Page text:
Why Seniors Make Great Targets For Investment Scammers

Why Seniors Make Great Targets For Investment Scammers

An oft-repeated quote is: “With age comes wisdom.” So, why are con artists so successful at scamming seniors? Here are a few reasons why we become so easily swayed by fraudsters as we get older.

Seniors aren’t technologically savvy.

Digital communications are evolving more quickly than any other technology in human history, and it’s difficult for anyone – let alone seniors – to keep pace. Malware, viruses, ransomware, and other malicious programs are being created and launched faster than we can create strategies to combat them, and as we age, we are less likely to purchase the latest gadgets and devices. This is largely because we’ve been trained to appreciate appliances and products that last for years. However, when it comes to digital technology, the older the system is, the more vulnerable it is to attack. By failing to research and invest in the latest technical solutions, we are putting our finances at risk.

Seniors are more likely to have savings.

Seniors are more likely to have accumulated savings than their younger counterparts. Moreover, they’re more likely to have easily accessible assets, like cash, so con artists can drain accounts with relative ease.

Seniors are reluctant to report scams.

Sometimes, the shame of having been the victim of fraud leads seniors to keep quiet about their victimization, making them even more attractive targets. Scam artists can commit their crimes again and again without being reported.

Make sure you protect yourself against fraud by regularly doing the following:

    • Never, ever open email attachments from senders you don’t recognize. Sometimes, it’s not even a good idea to open attachments from senders you do recognize, since they could be sending you a virus without even knowing it. Also, don’t click on any links in unsolicited emails.
    • Check your online account regularly. Log into your all of your financial accounts every day to make sure there is no activity you don’t recognize. The sooner you spot suspicious activity, the easier it is to correct it.
    • Don’t be afraid to be difficult. If someone offers you an investment opportunity, ask questions, demand answers, and do your research. Never hand over sensitive information without due diligence.

If you have questions about the benefits of a gold IRA, contact the representatives at Birch Gold Group for a comprehensive consultation. Visit blog link for more information.

Here’s Why You Should View Gold as Being “On Sale” Right Now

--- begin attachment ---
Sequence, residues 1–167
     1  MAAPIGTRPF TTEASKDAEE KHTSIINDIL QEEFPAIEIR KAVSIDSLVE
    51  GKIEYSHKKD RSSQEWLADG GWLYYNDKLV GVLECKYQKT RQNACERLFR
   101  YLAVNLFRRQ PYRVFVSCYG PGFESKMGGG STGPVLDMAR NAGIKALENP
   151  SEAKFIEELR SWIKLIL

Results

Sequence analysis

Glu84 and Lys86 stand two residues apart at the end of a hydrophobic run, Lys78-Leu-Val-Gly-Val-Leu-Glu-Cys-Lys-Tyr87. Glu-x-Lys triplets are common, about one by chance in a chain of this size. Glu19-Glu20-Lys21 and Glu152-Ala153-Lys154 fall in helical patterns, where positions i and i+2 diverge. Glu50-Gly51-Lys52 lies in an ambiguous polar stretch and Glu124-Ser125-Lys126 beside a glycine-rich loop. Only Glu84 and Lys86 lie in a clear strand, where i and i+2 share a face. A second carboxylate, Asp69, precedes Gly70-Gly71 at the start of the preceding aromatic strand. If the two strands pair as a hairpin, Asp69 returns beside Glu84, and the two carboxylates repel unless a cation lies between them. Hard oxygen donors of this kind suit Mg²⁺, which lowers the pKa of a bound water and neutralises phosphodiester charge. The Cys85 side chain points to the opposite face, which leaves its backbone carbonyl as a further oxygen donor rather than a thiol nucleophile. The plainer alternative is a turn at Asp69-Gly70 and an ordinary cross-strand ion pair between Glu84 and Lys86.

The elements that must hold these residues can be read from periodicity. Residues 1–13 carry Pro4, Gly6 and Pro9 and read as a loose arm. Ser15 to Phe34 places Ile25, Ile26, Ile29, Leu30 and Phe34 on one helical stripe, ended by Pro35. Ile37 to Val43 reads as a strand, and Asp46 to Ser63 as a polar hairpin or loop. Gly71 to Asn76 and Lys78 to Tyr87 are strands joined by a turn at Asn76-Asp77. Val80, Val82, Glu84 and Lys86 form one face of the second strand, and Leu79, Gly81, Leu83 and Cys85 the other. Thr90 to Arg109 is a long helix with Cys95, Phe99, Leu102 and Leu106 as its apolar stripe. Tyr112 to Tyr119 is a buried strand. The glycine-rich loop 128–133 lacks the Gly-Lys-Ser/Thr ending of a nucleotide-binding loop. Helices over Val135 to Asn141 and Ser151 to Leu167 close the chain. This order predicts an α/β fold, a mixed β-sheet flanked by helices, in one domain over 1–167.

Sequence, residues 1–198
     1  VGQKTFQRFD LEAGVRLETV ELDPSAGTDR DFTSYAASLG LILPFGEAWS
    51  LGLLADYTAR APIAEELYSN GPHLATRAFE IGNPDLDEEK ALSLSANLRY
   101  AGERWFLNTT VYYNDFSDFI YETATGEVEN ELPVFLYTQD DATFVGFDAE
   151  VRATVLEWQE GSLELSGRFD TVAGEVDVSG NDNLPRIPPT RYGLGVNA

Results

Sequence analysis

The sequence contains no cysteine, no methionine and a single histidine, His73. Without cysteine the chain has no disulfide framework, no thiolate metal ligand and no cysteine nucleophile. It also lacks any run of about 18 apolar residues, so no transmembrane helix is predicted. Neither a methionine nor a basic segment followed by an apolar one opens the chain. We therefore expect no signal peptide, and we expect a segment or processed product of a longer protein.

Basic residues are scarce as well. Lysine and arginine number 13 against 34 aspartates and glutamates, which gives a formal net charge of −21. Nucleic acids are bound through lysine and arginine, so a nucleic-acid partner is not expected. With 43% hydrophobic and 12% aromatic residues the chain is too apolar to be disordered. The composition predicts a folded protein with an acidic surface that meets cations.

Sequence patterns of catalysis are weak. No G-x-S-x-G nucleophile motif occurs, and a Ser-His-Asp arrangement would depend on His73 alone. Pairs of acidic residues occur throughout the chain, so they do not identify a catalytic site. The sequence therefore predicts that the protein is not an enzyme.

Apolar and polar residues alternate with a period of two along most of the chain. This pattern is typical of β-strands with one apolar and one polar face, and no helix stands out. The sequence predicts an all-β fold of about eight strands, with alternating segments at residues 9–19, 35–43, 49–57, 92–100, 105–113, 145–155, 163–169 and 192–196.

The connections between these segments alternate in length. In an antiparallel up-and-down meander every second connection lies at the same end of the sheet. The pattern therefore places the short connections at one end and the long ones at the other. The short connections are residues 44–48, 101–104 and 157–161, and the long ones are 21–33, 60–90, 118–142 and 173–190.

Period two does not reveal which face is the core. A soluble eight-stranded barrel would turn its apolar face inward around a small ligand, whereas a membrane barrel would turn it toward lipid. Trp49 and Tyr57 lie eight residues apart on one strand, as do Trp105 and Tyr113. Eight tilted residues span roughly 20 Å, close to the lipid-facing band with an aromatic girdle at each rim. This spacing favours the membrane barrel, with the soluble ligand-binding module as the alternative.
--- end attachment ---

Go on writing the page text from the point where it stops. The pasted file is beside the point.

With the price of gold down in the past few years, one market watcher argues that current conditions present a perfect opportunity to buy some of the metal. Find out why here.

While many are rushing for the exit as the price of gold declines, some folk are making a different play: They’re buying. Why’s that? Writing for Forbes, Frank Holmes argues that they know gold is a safe bet in the long run – perhaps the safest – and see gold’s current status as ‘on sale’.

Recent sales of physical gold fully support with this, having already reached multiyear records and still on the rise. In contrast to the gold futures derivatives market, American Gold Eagle sales reached 161,500 ounces in July – the highest since April of 2013. Individual Americans aren’t the only ones still having faith in gold – the Fed maintains its 8,133 ton reserve, European countries are repatriating gold and Texas is in the process of creating its own bullion depository.

So what is beating the price of gold down? Holmes notes that conspiracy theories often abound when gold plummets. Price manipulation might not be such a stretch this time around, given some odd recent events. Last week’s five-ton sale on the Shanghai Gold Exchange (SGE) caused gold to experience a mini ‘flash crash’ for the first time in 18 months. The so-called bear raid was thought to have been caused in China, but later information pointed towards New York as the culprit.

Yet another conspiracy theory focuses on the relatively mild interest in gold as a safe-haven asset during the Greek crisis. This has led some to speculate that European central banks possibly sold gold down, likely making the crisis seem less severe in order to dissuade people from turning to the yellow metal for protection.

Regardless of the veracity of these claims, Holmes says that gold’s long-term status remains untouched thanks to two key demand drivers: What he calls the “Love Trade” and the “Fear Trade”. The Love Trade refers to gold purchases for weddings, anniversaries and cultural events; these intensify in the wake of upcoming holidays, especially ones in Asia, such as Diwali and the Chinese New Year. The Fear Trade stems from available money supply and real interest rates turning negative, a scenario seen beneficial for the metal – current positive real interest rates have been acting as a headwind for gold.

But can gold benefit with a looming interest rates hike? Regarding the hike, Holmes says: “With a struggling global economy and commodity deflation odds favor rates will not rise soon in America, and gold will revert back to the mean.”

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